Which Joe gave his name to ‘sloppy joes’? We look at five interesting sandwiches and their lexical origins.
- ‘Two injured in bottle shop bingle’
- ‘Stewart exploits late bingle: Tony Stewart passed Kevin Harvick with 10 laps left to win the Indianapolis NASCAR race today.’
- ‘Despite my tramping on the brake, a crash - I hate ‘bingle’ - was inevitable.’
- ‘It was all fairly cruisey, lots of slowing and speeding as you would expect, but no bingles that I saw.’
- ‘The race will be at a sensible hour on Sunday, so we can all watch it on the big screen at Shenanigans at 7 p.m. Don't be late, or you'll miss the now customary first corner bingles!’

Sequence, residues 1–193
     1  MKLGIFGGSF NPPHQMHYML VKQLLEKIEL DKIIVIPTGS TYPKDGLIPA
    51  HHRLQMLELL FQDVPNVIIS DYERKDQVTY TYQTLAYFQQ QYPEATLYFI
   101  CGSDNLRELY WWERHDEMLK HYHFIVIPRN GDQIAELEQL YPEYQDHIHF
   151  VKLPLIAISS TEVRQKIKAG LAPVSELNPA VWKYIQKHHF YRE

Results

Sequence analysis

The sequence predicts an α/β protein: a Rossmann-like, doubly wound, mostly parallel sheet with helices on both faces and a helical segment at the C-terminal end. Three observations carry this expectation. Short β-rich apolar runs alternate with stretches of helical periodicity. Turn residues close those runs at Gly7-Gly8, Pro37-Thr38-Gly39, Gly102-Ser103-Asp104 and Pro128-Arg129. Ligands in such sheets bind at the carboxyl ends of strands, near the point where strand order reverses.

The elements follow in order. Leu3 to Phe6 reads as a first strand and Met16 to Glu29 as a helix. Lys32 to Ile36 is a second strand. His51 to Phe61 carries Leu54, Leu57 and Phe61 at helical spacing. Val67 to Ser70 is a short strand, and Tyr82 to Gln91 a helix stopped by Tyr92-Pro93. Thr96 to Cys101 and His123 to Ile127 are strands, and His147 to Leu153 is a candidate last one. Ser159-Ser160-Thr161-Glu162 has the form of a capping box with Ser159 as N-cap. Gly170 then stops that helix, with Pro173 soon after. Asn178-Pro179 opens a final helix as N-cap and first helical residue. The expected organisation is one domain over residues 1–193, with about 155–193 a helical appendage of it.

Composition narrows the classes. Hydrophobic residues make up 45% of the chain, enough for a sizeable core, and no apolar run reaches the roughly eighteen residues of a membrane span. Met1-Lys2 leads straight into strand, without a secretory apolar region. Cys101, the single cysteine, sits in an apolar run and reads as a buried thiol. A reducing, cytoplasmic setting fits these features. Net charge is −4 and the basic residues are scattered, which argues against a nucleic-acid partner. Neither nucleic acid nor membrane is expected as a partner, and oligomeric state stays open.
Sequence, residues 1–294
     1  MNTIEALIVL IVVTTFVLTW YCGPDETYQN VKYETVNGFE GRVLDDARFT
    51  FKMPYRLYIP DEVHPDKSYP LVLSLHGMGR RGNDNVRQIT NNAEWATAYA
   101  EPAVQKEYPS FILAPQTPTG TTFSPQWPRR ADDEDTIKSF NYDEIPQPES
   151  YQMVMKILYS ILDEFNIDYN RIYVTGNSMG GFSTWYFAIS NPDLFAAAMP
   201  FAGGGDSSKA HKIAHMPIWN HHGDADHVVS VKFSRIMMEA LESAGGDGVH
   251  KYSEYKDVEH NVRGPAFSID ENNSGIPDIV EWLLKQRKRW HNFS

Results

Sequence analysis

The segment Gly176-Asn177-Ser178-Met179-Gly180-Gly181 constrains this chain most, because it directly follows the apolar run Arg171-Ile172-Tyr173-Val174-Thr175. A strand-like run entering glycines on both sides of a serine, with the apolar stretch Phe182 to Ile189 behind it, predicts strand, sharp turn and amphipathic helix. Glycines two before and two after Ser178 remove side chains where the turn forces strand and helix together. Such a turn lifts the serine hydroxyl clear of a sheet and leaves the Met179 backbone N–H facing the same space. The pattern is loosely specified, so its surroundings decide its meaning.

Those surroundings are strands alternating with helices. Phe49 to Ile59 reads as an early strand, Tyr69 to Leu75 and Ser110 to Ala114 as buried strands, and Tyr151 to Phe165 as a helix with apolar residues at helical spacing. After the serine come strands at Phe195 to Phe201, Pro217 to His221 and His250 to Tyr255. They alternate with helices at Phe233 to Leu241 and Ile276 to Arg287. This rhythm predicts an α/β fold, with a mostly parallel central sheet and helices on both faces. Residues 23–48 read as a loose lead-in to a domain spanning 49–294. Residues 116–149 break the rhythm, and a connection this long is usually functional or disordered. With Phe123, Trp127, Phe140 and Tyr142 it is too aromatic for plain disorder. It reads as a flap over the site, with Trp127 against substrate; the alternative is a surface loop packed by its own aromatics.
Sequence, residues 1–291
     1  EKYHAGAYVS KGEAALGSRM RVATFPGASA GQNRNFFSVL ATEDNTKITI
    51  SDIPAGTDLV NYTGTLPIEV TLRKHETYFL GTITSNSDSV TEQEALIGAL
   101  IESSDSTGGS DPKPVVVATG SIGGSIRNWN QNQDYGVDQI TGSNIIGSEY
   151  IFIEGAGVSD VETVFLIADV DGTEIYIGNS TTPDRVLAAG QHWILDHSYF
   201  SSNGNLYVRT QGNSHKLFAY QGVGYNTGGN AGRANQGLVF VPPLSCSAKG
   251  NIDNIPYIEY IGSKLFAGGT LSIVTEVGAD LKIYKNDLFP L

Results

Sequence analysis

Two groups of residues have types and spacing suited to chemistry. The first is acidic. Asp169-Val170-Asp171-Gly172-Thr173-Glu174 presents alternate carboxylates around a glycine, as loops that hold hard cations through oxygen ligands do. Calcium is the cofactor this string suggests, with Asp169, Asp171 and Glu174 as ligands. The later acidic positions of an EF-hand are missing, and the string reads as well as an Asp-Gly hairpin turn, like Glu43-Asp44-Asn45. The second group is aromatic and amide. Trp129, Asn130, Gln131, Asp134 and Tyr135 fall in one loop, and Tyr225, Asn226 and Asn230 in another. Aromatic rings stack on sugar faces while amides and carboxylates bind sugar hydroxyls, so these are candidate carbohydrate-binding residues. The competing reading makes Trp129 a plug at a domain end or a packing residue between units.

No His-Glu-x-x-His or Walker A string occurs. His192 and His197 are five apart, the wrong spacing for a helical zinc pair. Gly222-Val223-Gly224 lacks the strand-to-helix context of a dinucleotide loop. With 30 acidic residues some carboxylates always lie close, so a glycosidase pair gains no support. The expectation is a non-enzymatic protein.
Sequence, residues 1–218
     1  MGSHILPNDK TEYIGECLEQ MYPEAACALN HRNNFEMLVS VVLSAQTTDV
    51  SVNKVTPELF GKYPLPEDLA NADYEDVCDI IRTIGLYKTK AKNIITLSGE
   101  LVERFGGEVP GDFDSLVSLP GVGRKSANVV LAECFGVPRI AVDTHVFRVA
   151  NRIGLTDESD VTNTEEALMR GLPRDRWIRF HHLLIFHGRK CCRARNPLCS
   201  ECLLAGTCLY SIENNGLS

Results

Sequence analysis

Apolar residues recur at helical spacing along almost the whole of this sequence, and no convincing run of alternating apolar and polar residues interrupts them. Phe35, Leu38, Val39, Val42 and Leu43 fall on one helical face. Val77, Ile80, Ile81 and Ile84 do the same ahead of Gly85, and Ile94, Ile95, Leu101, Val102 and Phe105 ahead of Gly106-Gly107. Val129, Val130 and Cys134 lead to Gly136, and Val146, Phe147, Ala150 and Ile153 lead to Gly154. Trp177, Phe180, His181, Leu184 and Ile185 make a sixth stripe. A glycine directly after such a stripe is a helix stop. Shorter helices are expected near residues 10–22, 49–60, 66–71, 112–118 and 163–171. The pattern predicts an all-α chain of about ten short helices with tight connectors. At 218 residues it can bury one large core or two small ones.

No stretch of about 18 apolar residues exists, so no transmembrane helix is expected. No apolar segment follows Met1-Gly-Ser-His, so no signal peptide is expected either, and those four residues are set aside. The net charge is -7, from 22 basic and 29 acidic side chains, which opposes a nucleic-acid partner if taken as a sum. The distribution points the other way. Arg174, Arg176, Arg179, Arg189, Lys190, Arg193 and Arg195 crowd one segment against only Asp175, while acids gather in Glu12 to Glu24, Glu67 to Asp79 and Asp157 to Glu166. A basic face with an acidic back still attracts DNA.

1940s: diminutive of dialect bing ‘thump, blow’. Compare with bing.
We take a look at several popular, though confusing, punctuation marks.
From Afghanistan to Zimbabwe, discover surprising and intriguing language facts from around the globe.
The definitions of ‘buddy’ and ‘bro’ in the OED have recently been revised. We explore their history and increase in popularity.